While that hit (with the radio-friendly title of “Mmm Mmm Mmm Mmm”) drove sales of their second album, their debut paved the way with a sad little song about comic book heroes. “Superman’s Song” lineated the differences between the titular character and Tarzan, proving that everybody has their place, and we should appreciate them for what they are. Kinda like the children in that later hit.
If you can get past his voice, and most can’t, there are some fine songs on The Ghosts That Haunt Me. “Winter Song”, “The Country Life” and “The Voyage” express a desire to get back to basics, with or without his sweetheart by his side, while “Here On Earth (I’ll Have My Cake)” and the title track concern themselves with existential musings on life versus death—all delivered in toe-tapping style, with the exception of “At My Funeral”, which wisely takes a slower pace.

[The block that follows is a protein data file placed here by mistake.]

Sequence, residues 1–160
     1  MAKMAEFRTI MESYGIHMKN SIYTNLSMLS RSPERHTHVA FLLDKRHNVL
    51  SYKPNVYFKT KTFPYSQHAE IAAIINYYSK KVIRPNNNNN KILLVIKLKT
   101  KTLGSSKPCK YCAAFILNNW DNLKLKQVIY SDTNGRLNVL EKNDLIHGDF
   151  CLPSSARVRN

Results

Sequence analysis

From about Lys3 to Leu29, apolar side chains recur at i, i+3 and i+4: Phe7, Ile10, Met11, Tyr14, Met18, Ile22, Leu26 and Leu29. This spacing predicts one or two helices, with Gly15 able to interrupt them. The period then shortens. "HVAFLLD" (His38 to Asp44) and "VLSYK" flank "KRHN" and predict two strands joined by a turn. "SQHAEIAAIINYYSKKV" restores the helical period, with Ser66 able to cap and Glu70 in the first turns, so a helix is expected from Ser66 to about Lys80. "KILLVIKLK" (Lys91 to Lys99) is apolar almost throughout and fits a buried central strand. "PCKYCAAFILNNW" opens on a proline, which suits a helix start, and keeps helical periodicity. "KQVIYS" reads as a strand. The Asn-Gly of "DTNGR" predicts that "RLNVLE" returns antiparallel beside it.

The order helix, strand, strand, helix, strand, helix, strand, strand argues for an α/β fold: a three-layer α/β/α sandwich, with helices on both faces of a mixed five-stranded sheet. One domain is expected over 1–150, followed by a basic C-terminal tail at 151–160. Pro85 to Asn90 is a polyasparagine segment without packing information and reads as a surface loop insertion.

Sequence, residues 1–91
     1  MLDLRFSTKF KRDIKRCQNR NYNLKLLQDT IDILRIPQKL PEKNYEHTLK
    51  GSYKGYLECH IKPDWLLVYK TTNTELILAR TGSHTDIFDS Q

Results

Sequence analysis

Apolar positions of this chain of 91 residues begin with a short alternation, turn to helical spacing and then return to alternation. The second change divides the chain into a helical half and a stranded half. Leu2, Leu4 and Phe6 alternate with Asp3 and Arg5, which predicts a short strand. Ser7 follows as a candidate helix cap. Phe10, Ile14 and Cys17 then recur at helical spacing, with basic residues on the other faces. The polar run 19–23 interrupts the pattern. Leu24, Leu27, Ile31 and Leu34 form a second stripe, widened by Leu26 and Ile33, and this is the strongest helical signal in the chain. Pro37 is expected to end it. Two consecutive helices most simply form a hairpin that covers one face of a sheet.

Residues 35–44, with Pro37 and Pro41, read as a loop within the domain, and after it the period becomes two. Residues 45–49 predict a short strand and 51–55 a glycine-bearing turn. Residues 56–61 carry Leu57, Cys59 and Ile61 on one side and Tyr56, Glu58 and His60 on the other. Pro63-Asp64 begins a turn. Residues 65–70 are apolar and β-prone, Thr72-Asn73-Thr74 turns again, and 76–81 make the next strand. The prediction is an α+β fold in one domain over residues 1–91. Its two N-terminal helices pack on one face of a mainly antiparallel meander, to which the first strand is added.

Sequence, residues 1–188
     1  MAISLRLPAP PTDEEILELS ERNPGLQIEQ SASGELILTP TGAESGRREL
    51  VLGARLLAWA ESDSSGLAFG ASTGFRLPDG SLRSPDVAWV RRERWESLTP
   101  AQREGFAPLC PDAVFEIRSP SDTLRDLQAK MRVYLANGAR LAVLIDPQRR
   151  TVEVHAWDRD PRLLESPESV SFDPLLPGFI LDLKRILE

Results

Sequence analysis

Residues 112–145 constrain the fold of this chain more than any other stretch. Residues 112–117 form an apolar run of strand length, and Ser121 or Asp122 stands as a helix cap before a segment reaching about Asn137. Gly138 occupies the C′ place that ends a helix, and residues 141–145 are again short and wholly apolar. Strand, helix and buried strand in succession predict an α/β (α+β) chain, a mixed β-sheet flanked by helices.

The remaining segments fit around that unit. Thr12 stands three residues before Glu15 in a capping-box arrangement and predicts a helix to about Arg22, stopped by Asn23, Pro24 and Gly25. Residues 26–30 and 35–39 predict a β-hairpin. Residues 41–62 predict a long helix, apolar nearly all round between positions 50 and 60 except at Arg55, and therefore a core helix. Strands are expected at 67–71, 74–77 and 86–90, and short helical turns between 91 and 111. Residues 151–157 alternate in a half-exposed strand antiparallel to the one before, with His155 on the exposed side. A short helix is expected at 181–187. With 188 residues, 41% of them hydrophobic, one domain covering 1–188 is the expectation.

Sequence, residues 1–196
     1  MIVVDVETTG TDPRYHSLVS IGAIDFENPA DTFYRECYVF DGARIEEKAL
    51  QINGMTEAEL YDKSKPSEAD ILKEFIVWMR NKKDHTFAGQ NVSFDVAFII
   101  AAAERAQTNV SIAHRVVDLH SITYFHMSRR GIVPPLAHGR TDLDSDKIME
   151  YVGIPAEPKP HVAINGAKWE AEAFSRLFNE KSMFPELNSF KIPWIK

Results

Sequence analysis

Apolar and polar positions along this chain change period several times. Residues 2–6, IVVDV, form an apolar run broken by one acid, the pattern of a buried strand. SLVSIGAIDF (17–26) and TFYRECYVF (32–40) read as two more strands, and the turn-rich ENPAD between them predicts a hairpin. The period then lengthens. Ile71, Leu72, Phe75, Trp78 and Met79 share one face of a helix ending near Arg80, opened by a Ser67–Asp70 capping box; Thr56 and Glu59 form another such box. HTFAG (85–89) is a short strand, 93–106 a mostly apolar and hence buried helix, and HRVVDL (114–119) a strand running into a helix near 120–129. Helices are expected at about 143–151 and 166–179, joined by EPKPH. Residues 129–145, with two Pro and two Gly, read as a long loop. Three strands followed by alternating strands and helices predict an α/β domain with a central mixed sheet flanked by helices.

The other tracks fit well; “Thick-Necked Man” even rocks, with plenty of electric guitar and a snotty chorus. A clever version of the Replacements’ “Androgynous” is hardly the obvious choice for a cover, but the winner of the album is easily “The Bereft Man’s Song (Comin’ Back Soon)” and its classic couplet: “I can’t stand her goddamned friends/But I will tolerate them, even though I hate them.”
Produced by Steve Berlin of Los Lobos for a fresh, timeless sound, The Ghosts That Haunt Me was easily overlooked when it came out, and likely to be shunned by association today. But it still manages to exude a charm that can only be done so by people who have yet to grate on the public at large. In fact, take out Ellen Reid, add louder guitars and a couple of whiny fat guys, and they might as well have been Barenaked Ladies.
Crash Test Dummies The Ghosts That Haunt Me (1991)—3½